Tag Archives: lace

Characteristics of the Different Types Of Lace

29 Oct 2015 › Posted by Schweitzer Linen

This is part 3 of our Sumptuous History of Lace. Read part 1 here and part 2 here.

Alençon – A fine, needle-point lace, so called from Alençon, a French city, in which its manufacture was first begun. It is the only French lace not made upon the pillow, the work being done entirely by hand, with a fine needle, upon a parchment pattern in small pieces. The pieces are afterward united by invisible seams. There are usually twelve processes, including the design employed in the production of a piece of this kind of lace, and each of these processes is executed by a special workwoman; but in 1855, at Bayeux, in France, a departure was made from the old custom of assigning a special branch of the work to each lacemaker, and the fabric was made through all its processes by one worker.

Schweitzer Linen offers the Tavola Bella Runner (below) — a most decorative topping for tables, sideboards, dressers or wherever you want a delightful touch. Intricately flowered and scalloped Alençon lace, these beautiful imports also make marvelous hostess and holiday gifts.

Tavola Bella

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TAGS  ›  lace

Lace: A Sumptuous History 1600s–1900s Part 2

20 Oct 2015 › Posted by Schweitzer Linen

This is part 2 of our Sumptuous History of Lace. Read part 1 here.

Ireland

Irish needlepoint lace began at the Presentation Convent in Youghal, County Cork, where Mother Mary Ann Smith had unpicked some Italian lace in order to learn the technique of making it. She began to teach the local women and a lace school was established. Initially, the lace looked very much like the Italian Laces but, with the help of an excellent designer, the Irish Lace soon developed its own characteristics. The lace was a flat type, without a raised, outlining edge and solid areas of the design were opened up with holes to form diamond shapes which were a feature often found in Venetian laces. The open fillings were in single or double Brussels ground, sometimes decorated with tiny rings, sometimes shamrocks and flowers which were either stylized of naturalistic and the leaves were always serrated, like rose leaves.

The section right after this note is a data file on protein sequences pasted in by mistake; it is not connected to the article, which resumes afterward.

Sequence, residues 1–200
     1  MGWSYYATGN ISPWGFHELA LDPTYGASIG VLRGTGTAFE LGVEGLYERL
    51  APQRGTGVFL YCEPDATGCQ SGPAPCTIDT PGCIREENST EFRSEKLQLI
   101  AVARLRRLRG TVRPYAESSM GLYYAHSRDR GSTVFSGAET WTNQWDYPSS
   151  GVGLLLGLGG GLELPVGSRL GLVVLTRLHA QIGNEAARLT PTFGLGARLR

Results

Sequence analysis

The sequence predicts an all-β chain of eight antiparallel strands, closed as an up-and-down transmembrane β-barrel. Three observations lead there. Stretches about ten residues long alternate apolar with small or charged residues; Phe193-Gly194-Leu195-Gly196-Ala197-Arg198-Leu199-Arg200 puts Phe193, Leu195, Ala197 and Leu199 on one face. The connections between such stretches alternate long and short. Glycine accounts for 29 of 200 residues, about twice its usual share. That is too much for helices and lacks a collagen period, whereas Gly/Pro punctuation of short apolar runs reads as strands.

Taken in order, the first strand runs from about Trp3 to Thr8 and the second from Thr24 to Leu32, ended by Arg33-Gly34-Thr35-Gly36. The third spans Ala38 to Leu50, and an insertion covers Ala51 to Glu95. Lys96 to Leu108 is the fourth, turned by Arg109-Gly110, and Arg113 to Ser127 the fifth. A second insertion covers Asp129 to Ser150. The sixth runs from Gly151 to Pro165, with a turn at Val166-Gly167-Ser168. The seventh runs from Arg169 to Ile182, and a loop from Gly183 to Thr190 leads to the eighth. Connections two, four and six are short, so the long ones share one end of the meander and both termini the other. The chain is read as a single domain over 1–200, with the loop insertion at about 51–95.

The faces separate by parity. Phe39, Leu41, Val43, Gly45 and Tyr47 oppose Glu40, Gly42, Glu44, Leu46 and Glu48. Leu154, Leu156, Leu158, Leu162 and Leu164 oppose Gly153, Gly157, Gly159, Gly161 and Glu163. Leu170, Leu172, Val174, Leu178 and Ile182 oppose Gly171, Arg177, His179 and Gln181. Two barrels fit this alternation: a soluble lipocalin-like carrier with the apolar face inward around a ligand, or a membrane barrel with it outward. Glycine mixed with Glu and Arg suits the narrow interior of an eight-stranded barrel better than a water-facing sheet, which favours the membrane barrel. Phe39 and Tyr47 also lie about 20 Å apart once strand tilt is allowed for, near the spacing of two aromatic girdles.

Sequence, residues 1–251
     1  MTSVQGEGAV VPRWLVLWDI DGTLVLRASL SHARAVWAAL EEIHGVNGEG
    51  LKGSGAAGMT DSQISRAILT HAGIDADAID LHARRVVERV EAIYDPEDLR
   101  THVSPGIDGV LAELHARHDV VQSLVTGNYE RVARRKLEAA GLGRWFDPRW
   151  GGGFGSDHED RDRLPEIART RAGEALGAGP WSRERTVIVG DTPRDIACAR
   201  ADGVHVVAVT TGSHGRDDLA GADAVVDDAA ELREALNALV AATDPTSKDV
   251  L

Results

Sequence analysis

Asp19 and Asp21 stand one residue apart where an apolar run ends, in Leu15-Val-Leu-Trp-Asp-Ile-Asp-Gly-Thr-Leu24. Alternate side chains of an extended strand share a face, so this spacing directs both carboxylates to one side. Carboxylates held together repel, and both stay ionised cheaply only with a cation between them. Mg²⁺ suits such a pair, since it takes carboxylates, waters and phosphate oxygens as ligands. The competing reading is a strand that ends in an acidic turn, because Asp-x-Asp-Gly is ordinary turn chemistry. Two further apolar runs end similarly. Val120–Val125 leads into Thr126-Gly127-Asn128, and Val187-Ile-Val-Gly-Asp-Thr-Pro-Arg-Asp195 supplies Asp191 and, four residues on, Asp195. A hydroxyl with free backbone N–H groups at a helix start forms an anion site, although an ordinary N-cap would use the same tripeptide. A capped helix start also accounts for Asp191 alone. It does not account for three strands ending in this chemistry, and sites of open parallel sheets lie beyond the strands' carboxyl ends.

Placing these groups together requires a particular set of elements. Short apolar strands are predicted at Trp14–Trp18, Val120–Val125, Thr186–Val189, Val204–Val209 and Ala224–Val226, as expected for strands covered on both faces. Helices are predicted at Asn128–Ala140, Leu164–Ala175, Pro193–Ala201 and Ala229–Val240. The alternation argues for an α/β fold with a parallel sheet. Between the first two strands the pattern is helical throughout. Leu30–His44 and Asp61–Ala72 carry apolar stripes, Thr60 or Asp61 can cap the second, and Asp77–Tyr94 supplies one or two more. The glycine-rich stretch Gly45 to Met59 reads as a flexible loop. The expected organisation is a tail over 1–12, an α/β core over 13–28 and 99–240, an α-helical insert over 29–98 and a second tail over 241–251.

Youghal edging with a variety of fillings, early 20th century (GHR.2.2004) Image retrieved from The Lace Guild (www.laceguild.org)

Youghal edging with a variety of fillings, early 20th century (GHR.2.2004)
Image retrieved from The Lace Guild (www.laceguild.org)

Detail from a Youghal collar showing the loops of stitches around the motifs and outer edge and the ground of picot-decorated bars, c. 1900 (JPO.1.2002). Image retrieved from The Lace Guild (www.laceguild.org)

Detail from a Youghal collar showing the loops of stitches around the motifs and outer edge and the ground of picot-decorated bars, c. 1900 (JPO.1.2002). Image retrieved from The Lace Guild (www.laceguild.org)

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Lace: A Sumptuous History 1600s–1900s Part 1

14 Oct 2015 › Posted by Schweitzer Linen

Princess Alice (1843–78) 1861      Painted by Franz Xaver Winterhalter (1805–73)      England      Royal Collection © Her Majesty Queen Elizabeth II

Princess Alice (1843–78) 1861
Painted by Franz Xaver Winterhalter (1805–73)
England
Royal Collection © Her Majesty Queen Elizabeth II

Lace, a decorative openwork web, was first developed in Europe during the sixteenth century. Two distinct types of lace making—needle lace and bobbin lace—began simultaneously. Needle lace is made with a single needle and thread, while bobbin lace entails the plaiting of many threads. Lace thread was typically made from linen, and later silk or metallic gold threads, followed by cotton in the nineteenth century. Needle and bobbin laces were often named after the region or town where they were made. Preeminent lace making centers were established in Italy, Flanders, and France. The finest lace involved the talents and skills of three distinct specialists: the artist who created the designs on paper, the pattern maker who translated the designs onto parchment, and the lace maker who worked directly on the patterns to make the lace.

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TAGS  ›  lace